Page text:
Still smiling behind the masks…

Communications TeamNews

Radiotherapy team pulls out all the stops to ensure cancer treatments continue

As many hospitals look to re-start some elements of cancer treatment this week, radiotherapy staff in Hull have revealed how the COVID-19 pandemic has barely slowed them down.

From the outset, Hull University Teaching Hospitals NHS Trust made a commitment to ensuring critical services such and cardiology, stroke services and cancer care would not be adversely affected by the organisation’s coronavirus response.

Now, as trusts up and down the country look to pick up where they left off, therapeutic radiographers at Castle Hill Hospital are keen to explain how their cancer patients have been able to continue their treatments throughout.

Barbara Whitaker, Deputy Radiotherapy Manager says:

“Being told you have cancer and having to start treatment can be worrying enough on their own.

PPE is now part of all pre-treatment preparation

“In early March, the coronavirus outbreak created an added level of anxiety for our patients due to the complications which COVID-19 can cause for vulnerable people and those with low immune systems. Knowing of the Trust commitment to keeping things going, we made it our mission to ensure access to radiotherapy treatment was one less thing for our patients to worry about.”

Armed with personal protective equipment, Castle Hill’s 62-strong team of radiotherapy staff pulled out all the stops to ensure their patients could continue their treatments with the minimum risk.

“The team is really enthusiastic and keen to make things happen, so with some careful planning and using the different skill sets within the wider team, we devised new ways of working. This has meant the service has continued uninterrupted throughout the recent pandemic, and ensured our patients have been able to continue coming to us for their potentially life-saving treatments.”

First up was how to deal with those patients who were particularly immuno-suppressed, so even more susceptible to complications from COVID-19.

“We have opted to see the patients whose cancer is making them particularly unwell at the beginning of the day. The department is always deep cleaned every evening, so this was deemed to be the safest approach for the people at highest risk.

Patients can now wait 2m apart

“For our routine patients, we’ve taken precautionary measures such as spacing our main waiting area out to ensure those waiting for treatment can remain the recommended 2 metres apart, and we have reduced footfall in the department by temporarily relocating the cancer assessment unit which previously shared our space.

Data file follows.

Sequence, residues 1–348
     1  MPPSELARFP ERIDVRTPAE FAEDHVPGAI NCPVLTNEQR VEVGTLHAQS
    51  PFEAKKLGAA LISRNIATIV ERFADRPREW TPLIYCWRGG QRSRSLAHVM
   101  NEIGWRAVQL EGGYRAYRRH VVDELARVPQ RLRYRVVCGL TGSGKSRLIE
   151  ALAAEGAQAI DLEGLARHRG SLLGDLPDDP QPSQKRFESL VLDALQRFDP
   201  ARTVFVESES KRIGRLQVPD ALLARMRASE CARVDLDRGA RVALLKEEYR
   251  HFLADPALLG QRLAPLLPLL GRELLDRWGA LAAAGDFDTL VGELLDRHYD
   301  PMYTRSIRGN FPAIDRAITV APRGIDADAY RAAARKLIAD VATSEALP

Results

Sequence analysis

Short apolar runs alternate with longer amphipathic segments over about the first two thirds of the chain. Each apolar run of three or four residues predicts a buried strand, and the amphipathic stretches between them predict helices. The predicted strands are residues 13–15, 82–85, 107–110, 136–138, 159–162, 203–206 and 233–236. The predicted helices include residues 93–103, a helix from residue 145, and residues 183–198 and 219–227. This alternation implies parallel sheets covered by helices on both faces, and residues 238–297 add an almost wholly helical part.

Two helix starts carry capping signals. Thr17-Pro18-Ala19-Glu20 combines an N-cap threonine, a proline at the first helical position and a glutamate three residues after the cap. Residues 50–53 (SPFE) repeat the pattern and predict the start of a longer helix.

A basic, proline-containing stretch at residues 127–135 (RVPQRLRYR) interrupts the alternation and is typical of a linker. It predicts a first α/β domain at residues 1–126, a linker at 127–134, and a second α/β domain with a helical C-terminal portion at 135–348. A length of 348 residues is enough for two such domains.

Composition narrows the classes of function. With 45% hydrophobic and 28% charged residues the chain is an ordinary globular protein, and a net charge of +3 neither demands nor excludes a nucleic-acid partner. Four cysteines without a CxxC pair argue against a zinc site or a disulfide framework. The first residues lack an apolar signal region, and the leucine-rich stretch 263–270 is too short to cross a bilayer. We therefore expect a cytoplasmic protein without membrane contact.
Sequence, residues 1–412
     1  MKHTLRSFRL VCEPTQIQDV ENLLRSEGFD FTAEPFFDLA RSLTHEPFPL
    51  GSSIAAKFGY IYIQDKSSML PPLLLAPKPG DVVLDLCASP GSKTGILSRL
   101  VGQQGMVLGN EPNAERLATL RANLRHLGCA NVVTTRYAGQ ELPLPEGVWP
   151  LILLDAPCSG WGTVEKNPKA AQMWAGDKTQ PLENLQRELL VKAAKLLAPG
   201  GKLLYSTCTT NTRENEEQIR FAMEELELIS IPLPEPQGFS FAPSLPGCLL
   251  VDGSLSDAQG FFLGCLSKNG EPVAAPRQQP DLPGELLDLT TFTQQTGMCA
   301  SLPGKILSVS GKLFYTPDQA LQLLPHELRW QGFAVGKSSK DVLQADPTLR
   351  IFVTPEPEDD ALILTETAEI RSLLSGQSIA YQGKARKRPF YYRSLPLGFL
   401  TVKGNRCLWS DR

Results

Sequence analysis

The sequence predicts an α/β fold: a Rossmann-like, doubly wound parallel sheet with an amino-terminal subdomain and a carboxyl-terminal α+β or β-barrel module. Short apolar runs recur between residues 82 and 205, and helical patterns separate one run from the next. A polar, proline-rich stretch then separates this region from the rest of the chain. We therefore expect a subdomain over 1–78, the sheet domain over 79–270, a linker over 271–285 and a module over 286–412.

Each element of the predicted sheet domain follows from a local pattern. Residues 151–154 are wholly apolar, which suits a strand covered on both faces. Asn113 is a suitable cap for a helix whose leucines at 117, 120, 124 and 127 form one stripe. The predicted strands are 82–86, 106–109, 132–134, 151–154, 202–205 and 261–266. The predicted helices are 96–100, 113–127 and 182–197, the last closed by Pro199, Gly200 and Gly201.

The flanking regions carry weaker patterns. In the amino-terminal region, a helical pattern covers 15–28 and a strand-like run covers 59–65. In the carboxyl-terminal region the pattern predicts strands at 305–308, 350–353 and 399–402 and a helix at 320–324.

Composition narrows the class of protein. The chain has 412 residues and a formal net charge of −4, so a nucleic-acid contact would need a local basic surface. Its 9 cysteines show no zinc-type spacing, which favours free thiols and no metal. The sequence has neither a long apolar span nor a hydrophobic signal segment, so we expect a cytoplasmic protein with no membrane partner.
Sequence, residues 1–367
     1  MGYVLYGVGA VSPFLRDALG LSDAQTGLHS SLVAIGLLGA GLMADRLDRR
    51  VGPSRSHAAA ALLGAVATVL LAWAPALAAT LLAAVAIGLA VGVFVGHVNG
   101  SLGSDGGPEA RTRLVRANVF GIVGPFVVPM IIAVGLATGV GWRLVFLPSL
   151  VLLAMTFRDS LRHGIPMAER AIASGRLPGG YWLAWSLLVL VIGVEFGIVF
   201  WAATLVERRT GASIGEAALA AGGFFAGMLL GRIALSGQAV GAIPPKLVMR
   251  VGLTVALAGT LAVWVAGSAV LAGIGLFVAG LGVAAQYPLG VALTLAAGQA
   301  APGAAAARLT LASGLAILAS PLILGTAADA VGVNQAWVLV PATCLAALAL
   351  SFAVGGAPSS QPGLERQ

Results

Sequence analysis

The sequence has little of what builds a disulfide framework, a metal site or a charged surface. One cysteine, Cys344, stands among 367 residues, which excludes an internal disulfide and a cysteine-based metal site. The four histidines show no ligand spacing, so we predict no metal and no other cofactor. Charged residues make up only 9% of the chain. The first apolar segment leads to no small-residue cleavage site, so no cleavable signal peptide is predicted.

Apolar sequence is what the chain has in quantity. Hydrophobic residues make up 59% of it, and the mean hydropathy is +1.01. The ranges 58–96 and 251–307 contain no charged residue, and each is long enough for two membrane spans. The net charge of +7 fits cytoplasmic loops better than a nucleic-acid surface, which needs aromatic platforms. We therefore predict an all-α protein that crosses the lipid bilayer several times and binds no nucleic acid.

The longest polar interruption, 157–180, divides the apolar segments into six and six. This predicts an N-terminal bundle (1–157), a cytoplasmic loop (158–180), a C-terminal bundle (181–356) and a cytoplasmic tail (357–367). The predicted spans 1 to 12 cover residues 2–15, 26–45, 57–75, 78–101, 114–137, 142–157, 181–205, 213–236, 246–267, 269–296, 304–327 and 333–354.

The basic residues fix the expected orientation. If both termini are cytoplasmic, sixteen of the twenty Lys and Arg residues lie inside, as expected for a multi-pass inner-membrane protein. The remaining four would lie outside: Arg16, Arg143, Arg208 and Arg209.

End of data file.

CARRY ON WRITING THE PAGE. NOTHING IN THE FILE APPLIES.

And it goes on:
”Radiotherapy, nurses and clinical support workers  are conducting as much pre-treatment screening as they can over the phone, and patients are then screened again in the department on arrival.”

As for those patients who are symptomatic?

“Members of the team have given up their staff rooms and offices in order to convert them into isolation rooms for patients coming in who are suspected or confirmed as COVID-19 positive,” Barbara continues.

“Being symptomatic doesn’t mean you need your radiotherapy treatment any less, so where it’s still safe for each patient to do so, we’ve been able to continue to deliver their radiotherapy. For everyone’s protection, we use one specific treatment room and we ask those patients to come in towards the end of the day, again to minimise the potential for symptomatic and positive patients to mix with people who aren’t. We then we deep clean the machine and the treatment room after every use.”

Barbara is also quick to commend the flexibility of the team:

“The team has been fantastic over the course of the coronavirus pandemic. Admin and clerical staff have been helping to organise the deep clean of the treatment rooms and organise transfers of patients up from the wards, while many part time staff have offered to work extra hours to cover staffing shortfalls due to colleagues self-isolating. We’re also grateful for the support of the family and women’s health group, who have released three former therapeutic radiographers from the mammography service to refresh their skills and boost our staff numbers again should we need them.

Therapeutic radiographers have worked hard to maintain their service for cancer patients

“Patients needing radiotherapy can come in every day for a period of weeks, so the team get to know their patients and build up really good relationships with them. Wearing the PPE can sometimes feel like the care we provide is a little less personal, but we want our patients to know that we are still smiling behind the masks and we will continue to do all we can to ensure their care continues uninterrupted.”

Clare Hutton, Radiotherapy Manager says:

“Although it might feel to many people like COVID-19 is the sole focus of healthcare right now, life in radiotherapy is still very much business as usual. We’ve obviously had to make some adjustments to ensure the service can run safely through this pandemic and reduce the risk to patients and staff, but ultimately we’ve been able to ensure patients can still make their daily visits to the department and receive the same high quality service as they did before.

“The department may feel a little different as you enter; social distancing has been implemented and face to face contact has reduced, for example, but the vast majority of treatments have remained the same. None of this would be possible without the full support of the team who, as always, take things in their stride and make things work.

“It really has been all hands to the pump to make the transition to our ‘new normal’ work effectively and we’re pleased to say that our patients are continuing to see the benefit of this.”